The availability of a simulation model for the airbag system ensures a clear and common understanding of the functionality of the control unit processor and associated software between the silicon provide r and the customer before any silicon is produced. Compared to previous communication methods, the ability to demonstrate the system in operation was significantly easier and more reliable.
The incorporation of an easy-to-use configuration capability allows customers to investigate different system configurations and select the one most appropriate for their application.
The virtual prototype allows the embedded-development team to start work on their application code for the airbag control system in parallel to the development and manufacturing of the silicon components needed to build the system. They start early and work in a full-featured software-development environment without being exposed to, or concerned with, details that are typically of no interest to them.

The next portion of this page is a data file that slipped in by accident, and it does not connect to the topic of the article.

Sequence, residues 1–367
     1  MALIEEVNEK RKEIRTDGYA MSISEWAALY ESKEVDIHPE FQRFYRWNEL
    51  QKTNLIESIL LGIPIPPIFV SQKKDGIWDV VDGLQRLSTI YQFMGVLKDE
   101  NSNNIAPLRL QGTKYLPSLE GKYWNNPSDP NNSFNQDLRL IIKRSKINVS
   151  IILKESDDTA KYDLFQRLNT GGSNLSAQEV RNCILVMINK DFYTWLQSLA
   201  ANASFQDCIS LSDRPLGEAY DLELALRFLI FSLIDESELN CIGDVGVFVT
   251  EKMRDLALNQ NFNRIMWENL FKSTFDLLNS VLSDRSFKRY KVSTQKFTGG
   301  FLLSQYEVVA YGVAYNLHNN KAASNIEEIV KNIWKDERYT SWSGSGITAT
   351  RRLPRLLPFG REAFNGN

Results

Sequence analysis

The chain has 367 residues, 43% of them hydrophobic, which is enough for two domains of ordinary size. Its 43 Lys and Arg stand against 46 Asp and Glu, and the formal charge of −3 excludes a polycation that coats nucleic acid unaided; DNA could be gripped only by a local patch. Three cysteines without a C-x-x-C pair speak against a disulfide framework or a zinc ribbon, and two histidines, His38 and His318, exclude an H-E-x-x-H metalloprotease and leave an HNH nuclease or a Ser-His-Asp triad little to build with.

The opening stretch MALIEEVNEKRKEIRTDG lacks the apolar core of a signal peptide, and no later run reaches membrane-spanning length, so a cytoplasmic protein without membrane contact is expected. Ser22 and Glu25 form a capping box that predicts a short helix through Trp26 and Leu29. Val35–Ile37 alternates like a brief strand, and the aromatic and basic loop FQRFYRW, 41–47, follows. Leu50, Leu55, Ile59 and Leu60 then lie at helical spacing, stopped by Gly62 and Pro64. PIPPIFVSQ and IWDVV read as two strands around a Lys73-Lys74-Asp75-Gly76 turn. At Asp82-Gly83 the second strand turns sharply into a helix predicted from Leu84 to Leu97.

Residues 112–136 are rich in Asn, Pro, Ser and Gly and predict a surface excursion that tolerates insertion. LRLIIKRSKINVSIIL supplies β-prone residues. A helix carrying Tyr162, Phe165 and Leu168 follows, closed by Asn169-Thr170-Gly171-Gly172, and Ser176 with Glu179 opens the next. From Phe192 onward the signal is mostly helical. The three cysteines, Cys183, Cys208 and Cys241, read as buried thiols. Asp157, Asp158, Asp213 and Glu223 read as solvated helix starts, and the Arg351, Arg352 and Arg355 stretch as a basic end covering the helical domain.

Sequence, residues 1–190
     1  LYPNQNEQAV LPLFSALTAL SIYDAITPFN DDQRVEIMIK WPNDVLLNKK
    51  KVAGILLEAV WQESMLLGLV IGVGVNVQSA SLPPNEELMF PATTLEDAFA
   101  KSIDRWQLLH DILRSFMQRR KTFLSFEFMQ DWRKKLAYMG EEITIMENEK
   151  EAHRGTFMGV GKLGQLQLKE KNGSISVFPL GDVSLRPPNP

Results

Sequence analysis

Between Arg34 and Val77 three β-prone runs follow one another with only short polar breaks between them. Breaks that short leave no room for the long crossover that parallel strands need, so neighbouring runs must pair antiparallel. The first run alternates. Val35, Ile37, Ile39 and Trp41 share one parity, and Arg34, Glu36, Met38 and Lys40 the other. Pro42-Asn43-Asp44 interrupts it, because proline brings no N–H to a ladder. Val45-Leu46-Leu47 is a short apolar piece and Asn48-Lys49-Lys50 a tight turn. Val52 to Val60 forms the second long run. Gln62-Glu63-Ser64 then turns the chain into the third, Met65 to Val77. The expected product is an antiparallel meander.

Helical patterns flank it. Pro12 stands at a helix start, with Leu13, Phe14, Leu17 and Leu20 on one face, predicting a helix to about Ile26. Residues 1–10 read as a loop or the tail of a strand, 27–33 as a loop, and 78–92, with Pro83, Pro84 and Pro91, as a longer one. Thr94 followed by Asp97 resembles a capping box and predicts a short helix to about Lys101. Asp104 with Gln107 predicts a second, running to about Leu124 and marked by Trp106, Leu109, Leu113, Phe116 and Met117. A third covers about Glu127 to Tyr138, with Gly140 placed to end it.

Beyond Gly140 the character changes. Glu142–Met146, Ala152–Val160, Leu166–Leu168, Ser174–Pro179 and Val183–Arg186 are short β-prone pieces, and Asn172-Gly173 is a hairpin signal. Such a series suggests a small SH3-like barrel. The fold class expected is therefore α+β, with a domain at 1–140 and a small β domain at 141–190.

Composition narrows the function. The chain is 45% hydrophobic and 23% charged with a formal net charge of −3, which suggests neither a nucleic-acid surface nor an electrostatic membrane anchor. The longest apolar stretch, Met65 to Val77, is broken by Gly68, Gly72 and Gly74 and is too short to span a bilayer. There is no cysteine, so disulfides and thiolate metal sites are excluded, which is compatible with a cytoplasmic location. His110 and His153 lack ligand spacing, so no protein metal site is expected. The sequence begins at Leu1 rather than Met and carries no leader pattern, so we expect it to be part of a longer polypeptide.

The virtual prototype provides the capability to gain a deeper and more thorough analysis of the problem space. The additional debug capabilities and the common basis for the development of both the hardware and the sim ulation model are expected to lead to higher product quality and increased first-pass success for both the silicon components and the embedded system.
From the perspective of the silicon vendor, the availability of the proper simulation model is of value in demonstrating capabilities to prospective customers and offering an advantage to customers in the form of a pre-silicon development environment.
Rob McCammon, Simulation Product Manager, Software Development, Systems Inc., Kenny Lee, Development Engineer, Lombard, Ill., Michael Rohleder, Software Technologist, Motorola Semiconductor Products, Munich, Germany, John Doyle, Safety Systems, Engineering, East Kilbride, Scotland, firstname.lastname@example.org